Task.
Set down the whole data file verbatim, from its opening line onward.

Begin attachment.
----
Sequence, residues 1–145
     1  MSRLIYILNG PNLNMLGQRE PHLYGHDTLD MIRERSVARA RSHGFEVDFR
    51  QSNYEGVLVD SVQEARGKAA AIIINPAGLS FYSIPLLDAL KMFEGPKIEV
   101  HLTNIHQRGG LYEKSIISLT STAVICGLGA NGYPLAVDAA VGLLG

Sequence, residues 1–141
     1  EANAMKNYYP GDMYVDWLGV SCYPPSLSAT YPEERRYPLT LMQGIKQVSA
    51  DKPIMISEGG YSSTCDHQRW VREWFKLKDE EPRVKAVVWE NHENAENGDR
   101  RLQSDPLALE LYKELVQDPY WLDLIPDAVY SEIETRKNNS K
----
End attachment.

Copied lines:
Sequence, residues 1–145
     1  MSRLIYILNG PNLNMLGQRE PHLYGHDTLD MIRERSVARA RSHGFEVDFR
    51  QSNYEGVLVD SVQEARGKAA AIIINPAGLS FYSIPLLDAL KMFEGPKIEV
   101  HLTNIHQRGG LYEKSIISLT STAVICGLGA NGYPLAVDAA VGLLG

Sequence, residues 1–141
     1  EANAMKNYYP GDMYVDWLGV SCYPPSLSAT YPEERRYPLT LMQGIKQVSA
    51  DKPIMISEGG YSSTCDHQRW VREWFKLKDE EPRVKAVVWE NHENAENGDR
   101  RLQSDPLALE LYKELVQDPY WLDLIPDAVY SEIETRKNNS K